Tuesday, October 23, 2007


Take 100% naturally made handloom fabrics, dye them with colours derived from plants recommended in the Ayurvedic medicinal system and, hey presto! you have clothes that can help cure several different ailments.

Hmmm...sounds promising, you say, but a bit far-fetched....

Well, we have news -- it's actually happening and its called Ayurvastra.

Traditionally such clothes were produced by 'healer-weavers' that served the royals in Kerala but modern cloth production stamped out the need for the handicraft. Now it's being revived by the Ayurvastra Handloom Weavers Development Society in Kerala, headed by 37 year old Kuzhivilas Vijayan, from the Kuzhivilas weaving family who were originally at the forefront of 'medicinal dyeing'. The entire process is free of chemicals, conducted in a very controlled environment and at every step, healing through the right combination of herbs is key. For e.g., arthritis requires garments infused with agathi (agati grandiflora) and manjistha (rubia cordifolia) while blood pressure problems require chebula (terminalia chebula) and tusli (Indian holy basil). Colour can come from (the natural antiseptic) haldi (turmeric) for yellow, pathimukham (Ceasalpina Sappan) flowers and bark for red (convenienently the plant also has anti-cancerous properties) and neela amari (indigofera tinctora) for blue. Fragrance can be from sandalwood and the preservative 'glue' used to hold all the colour and smell is also non-toxic (gum of neem is often used). And at the end of it all, waste becomes bio manure and biogas.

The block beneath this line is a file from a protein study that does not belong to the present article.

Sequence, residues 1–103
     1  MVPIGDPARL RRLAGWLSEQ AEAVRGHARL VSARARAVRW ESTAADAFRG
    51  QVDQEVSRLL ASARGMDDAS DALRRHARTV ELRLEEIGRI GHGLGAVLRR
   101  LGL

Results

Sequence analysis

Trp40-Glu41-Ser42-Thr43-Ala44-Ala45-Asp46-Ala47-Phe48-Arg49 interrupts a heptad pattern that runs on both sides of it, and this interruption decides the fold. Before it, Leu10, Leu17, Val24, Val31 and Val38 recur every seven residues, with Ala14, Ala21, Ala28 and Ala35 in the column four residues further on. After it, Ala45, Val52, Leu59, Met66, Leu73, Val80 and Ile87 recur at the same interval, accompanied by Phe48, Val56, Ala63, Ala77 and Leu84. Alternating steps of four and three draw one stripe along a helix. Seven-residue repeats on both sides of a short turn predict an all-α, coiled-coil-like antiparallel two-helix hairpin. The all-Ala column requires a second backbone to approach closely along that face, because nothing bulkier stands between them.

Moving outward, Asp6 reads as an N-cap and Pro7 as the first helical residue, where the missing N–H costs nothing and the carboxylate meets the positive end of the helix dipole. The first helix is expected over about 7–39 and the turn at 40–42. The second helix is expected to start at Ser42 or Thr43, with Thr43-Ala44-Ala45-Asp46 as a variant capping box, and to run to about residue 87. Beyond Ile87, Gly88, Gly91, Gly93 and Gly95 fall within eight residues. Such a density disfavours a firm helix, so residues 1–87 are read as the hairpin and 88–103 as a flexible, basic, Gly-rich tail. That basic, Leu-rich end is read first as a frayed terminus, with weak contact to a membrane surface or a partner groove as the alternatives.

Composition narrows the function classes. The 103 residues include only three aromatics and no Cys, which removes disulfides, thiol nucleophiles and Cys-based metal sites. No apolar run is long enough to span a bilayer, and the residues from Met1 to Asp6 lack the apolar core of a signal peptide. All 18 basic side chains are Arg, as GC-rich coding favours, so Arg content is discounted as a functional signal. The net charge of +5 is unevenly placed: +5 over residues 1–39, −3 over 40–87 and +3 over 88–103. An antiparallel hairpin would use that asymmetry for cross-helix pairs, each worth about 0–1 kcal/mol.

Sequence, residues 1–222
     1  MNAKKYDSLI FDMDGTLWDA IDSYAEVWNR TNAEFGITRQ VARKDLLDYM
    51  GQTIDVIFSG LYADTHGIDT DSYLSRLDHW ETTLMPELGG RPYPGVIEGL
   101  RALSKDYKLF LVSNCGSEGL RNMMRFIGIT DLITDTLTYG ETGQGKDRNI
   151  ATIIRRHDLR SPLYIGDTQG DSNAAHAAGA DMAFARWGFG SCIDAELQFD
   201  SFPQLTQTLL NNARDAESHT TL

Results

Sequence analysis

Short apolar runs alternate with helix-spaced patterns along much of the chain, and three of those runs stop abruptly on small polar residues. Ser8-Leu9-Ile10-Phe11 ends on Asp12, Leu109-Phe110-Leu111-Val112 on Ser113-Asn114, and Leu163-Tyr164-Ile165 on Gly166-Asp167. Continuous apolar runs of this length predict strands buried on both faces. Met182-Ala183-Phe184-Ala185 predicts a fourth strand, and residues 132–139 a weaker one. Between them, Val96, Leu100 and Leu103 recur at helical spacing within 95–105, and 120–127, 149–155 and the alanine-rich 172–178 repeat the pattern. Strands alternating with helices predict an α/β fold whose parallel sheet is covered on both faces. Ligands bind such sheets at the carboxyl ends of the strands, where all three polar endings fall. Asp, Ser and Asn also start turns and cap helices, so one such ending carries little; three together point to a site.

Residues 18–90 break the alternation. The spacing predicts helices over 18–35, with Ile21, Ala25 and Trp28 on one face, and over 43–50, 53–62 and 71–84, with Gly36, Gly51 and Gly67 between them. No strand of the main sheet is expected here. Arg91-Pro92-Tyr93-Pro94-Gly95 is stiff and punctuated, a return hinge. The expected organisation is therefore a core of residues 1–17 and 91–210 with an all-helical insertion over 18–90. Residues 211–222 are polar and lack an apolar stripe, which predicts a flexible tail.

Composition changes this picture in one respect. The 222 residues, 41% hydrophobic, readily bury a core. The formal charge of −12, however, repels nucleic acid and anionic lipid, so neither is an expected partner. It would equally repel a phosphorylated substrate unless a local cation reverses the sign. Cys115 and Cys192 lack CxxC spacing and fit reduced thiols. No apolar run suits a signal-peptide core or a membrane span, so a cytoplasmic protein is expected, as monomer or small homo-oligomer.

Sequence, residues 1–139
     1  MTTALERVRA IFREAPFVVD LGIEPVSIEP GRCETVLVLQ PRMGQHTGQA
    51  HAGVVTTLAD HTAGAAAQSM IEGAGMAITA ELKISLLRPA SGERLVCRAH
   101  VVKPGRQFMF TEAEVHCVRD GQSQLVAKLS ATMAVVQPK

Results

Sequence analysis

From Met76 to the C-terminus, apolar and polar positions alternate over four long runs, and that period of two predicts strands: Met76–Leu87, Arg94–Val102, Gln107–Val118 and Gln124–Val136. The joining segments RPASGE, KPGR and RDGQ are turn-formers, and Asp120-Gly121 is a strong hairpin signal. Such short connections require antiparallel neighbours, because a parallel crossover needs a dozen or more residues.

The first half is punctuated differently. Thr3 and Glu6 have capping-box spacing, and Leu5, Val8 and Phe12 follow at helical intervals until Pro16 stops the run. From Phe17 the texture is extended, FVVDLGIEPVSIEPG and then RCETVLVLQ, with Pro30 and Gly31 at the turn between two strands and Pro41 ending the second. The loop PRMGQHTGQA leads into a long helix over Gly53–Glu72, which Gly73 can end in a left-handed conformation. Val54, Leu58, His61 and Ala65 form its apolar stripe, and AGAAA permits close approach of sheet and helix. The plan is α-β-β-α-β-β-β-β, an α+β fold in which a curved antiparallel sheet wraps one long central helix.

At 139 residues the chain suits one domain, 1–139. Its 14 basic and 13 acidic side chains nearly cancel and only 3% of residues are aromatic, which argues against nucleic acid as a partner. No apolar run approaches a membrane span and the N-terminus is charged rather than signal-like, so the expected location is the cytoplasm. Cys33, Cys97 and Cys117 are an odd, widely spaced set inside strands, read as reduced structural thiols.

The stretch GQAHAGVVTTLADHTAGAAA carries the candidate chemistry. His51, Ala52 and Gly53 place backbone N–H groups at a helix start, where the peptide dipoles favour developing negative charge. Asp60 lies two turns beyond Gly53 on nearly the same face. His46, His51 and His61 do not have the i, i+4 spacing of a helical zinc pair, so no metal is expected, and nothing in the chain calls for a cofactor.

While skin problems are clearly a focus for Ayurvastra, early tests by the Government Ayurveda College report material benefits to rheumatic patients, as well. According to its practitioners the reason Ayurvastra works is because the body's immune system is exposed to the right combination of healing herbs and plants, which brings it into equilibrium. Currently the Society has been given substantial grants by the state government to continue r&d.

At DeviDoll we thought we'd heard all we could about superfoods! Anyway, this is some pretty interesting stuff and takes the concept of 'natural dyes' to a whole new level. We are already primed to cut out toxins in our food and also our cosmetics. Next on the list might be toxin free colours.

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